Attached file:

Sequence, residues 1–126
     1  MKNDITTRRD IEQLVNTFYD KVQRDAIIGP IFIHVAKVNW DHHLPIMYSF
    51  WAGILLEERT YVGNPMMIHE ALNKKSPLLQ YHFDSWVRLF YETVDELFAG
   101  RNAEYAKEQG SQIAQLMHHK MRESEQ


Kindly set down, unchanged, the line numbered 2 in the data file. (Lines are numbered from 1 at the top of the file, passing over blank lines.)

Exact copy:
     1  MKNDITTRRD IEQLVNTFYD KVQRDAIIGP IFIHVAKVNW DHHLPIMYSF